Is mixing Brush & Pencil Titanium White and water a good way to draw whiskers on a cat? Is mixing it with water a good idea?
That’s what a reader wants to know. Here’s her question.
I am drawing a cat in colored pencil. I was thinking of using Brush and Pencil’s Titanium White ( powder just add water) and use a very thin brush to paint the whiskers. I used this product for snow..and it worked great. Any thoughts from you on whiskers?
What Is Titanium White?
For those who don’t know, Titanium White from Brush & Pencil is dry pigment. It’s naturally opaque because it contains no binding agents or mediums. It’s similar to the dry pigments you can buy from Dick Blick and other sources. These pigments are mixed and blended for making all kinds of art mediums.
Including colored pencils.
Brush & Pencil Titanium White is designed to be mixed with Touch-Up Texture, also made by Brush & Pencil. When these two products are mixed, they make a paint-able white pigment that’s opaque and can be safely used over colored pencil. Once it dries, you can also draw over it.
It’s ideal for covering mistakes and drawing fine details like the whiskers on animals. The best part is that these two products are completely archival.
So part of my answer to this reader’s question is that you can paint whiskers using Titanium White mixed with Touch-Up Texture.
But what about mixing it with water?
Mixing Brush & Pencil Titanium White and Water
The general rule of thumb with colored pencils is that you never apply a water-based medium over colored pencils. That’s because water and oil (or wax) don’t mix in this way. Water will not stick to the waxiness of the colored pencils.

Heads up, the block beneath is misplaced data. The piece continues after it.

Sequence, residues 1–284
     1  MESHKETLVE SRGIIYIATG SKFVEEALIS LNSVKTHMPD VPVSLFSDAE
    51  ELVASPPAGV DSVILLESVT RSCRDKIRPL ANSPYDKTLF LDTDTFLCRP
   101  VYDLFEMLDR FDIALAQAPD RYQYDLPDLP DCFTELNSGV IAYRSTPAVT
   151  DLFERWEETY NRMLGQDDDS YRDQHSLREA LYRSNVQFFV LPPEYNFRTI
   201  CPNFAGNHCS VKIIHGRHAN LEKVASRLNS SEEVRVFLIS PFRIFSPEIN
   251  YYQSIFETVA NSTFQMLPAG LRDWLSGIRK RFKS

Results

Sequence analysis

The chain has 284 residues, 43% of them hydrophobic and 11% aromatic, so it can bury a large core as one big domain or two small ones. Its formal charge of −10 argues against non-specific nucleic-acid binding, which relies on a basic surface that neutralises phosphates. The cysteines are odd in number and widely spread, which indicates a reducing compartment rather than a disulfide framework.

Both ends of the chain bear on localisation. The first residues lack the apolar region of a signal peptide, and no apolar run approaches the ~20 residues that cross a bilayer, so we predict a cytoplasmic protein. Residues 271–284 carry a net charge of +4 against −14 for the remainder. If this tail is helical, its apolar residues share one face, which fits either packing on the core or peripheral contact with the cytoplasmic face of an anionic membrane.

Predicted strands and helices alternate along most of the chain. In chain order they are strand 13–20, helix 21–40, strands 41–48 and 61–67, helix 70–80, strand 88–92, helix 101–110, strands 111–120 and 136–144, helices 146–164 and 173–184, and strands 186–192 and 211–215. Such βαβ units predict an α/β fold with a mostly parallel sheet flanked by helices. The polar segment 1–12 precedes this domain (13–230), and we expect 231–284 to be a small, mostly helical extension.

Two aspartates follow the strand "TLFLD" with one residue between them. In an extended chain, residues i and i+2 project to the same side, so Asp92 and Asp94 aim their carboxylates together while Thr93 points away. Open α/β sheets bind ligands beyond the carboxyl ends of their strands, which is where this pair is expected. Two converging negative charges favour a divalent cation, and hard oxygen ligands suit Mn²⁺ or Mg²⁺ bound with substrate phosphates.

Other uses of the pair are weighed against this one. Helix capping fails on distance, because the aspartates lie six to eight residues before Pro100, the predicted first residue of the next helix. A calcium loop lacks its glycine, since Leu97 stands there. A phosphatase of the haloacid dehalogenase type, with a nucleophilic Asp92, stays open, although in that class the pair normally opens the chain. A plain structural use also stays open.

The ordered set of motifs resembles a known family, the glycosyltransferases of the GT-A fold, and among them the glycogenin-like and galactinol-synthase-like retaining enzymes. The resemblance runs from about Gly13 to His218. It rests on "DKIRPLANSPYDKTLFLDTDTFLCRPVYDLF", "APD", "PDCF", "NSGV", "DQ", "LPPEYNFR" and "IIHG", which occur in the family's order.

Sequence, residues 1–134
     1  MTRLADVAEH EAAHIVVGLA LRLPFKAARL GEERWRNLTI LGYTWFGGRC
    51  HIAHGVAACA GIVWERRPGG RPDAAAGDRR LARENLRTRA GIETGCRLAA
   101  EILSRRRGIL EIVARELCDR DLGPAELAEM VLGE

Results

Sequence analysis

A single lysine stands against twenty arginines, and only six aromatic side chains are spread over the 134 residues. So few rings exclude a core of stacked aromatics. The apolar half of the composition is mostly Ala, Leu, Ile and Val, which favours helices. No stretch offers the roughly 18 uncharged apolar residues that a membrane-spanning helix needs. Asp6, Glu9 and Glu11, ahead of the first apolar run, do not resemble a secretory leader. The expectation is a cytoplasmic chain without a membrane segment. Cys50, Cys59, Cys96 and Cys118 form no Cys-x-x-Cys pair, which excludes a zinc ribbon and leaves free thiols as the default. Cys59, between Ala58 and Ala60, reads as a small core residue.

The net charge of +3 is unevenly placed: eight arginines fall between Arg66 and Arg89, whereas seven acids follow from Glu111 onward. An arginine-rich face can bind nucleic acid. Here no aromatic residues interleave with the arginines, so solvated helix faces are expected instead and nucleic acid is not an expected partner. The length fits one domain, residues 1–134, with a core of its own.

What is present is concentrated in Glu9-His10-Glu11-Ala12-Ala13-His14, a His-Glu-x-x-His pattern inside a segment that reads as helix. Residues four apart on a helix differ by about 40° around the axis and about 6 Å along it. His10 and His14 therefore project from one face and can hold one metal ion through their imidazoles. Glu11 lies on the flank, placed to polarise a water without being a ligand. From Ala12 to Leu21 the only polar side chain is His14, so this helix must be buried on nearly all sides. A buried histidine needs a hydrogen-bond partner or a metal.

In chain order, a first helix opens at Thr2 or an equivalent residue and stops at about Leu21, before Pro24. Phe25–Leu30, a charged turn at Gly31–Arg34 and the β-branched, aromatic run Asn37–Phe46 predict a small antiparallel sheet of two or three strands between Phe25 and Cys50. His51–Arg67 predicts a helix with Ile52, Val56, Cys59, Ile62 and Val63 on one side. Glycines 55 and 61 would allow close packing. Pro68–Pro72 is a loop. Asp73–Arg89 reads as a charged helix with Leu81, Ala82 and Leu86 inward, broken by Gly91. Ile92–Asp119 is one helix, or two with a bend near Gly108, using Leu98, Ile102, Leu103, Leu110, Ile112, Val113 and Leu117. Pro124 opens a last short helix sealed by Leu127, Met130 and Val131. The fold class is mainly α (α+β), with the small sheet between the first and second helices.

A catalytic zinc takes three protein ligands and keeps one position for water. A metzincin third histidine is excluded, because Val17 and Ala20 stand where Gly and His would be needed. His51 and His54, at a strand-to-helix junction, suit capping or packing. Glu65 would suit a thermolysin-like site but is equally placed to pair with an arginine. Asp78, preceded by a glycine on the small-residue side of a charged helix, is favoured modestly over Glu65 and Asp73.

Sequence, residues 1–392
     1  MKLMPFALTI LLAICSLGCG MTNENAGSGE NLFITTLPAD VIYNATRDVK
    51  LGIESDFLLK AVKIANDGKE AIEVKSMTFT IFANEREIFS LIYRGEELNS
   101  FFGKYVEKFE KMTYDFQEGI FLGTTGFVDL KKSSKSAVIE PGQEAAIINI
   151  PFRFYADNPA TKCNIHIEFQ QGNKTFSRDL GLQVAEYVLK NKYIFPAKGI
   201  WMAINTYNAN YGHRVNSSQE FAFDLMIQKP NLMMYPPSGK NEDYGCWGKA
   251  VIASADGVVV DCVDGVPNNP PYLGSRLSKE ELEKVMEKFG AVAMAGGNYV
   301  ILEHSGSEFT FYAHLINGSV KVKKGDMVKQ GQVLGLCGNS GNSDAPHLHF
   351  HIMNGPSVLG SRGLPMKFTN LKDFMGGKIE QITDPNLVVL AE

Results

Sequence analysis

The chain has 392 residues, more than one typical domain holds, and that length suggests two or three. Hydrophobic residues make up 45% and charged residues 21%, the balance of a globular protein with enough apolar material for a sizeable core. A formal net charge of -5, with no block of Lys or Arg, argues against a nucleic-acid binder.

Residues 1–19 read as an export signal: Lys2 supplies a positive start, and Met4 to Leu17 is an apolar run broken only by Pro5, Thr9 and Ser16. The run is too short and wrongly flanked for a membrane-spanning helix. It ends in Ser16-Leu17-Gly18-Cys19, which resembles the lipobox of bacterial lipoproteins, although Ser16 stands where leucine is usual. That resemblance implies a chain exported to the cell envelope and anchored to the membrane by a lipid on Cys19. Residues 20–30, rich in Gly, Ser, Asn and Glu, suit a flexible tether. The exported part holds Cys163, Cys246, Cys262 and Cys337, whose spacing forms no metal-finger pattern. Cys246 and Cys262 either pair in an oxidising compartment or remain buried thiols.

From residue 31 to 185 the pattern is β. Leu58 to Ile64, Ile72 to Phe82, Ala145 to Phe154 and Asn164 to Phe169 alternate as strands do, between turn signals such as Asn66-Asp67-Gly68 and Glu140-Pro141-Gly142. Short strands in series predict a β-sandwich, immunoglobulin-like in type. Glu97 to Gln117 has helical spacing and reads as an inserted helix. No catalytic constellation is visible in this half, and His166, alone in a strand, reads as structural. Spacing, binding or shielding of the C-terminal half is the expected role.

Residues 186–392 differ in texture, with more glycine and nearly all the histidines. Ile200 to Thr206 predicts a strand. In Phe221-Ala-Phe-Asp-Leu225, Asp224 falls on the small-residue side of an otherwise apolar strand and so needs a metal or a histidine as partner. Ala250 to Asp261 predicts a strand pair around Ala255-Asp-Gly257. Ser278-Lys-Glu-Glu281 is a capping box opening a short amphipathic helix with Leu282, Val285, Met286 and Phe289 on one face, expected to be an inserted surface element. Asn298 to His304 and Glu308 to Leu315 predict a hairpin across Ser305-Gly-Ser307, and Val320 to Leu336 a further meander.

But I was curious, so I decided to try mixing Titanium White with water, just to see what happened.
I mixed one batch of Titanium White with water, and another with Touch-Up Texture. The resulting mixtures looked pretty much the same.
Next, I shaded color onto a sheet of paper with a variety of pressures and layers.
Then I used small brushes to apply a few strokes of each mixture. Each stroke was a little bit heavier, because I wanted to see if that made a difference.
The strokes on the top are the water-based mixture. The strokes on the bottom are the Touch-Up Texture mixture.
As you can see, it’s difficult to tell the difference. The strokes look about the same, and the two mixtures went onto the paper the same way. One wasn’t thicker than the other, and they behaved the same coming off the brush.
In fact, the only difference I noticed while using these two mixtures was that the water-based mixture took longer to dry.
Once they were both dry, I scratched at each one with a fingernail. You’ll notice that both of them scratched, but that the damage to the water-based mixture was worse than to the Touch-Up Texture mixture.
The Bottom Line
It is possible to mix Titanium White with water and get a paintable medium.
You can apply this water-based mixture over colored pencil in much the same way you apply Titanium White and Touch-Up Texture. It’s even difficult to tell the difference in a side-by-side comparison, as shown above.
But water-based products will not stick to colored pencil very well, no matter what type of colored pencils you use. It’s also more easily damaged.
So while it is possible, I don’t recommend mixing Titanium White with water. Even if the mixture sticks to the drawing when it’s applied, it may not last very long.
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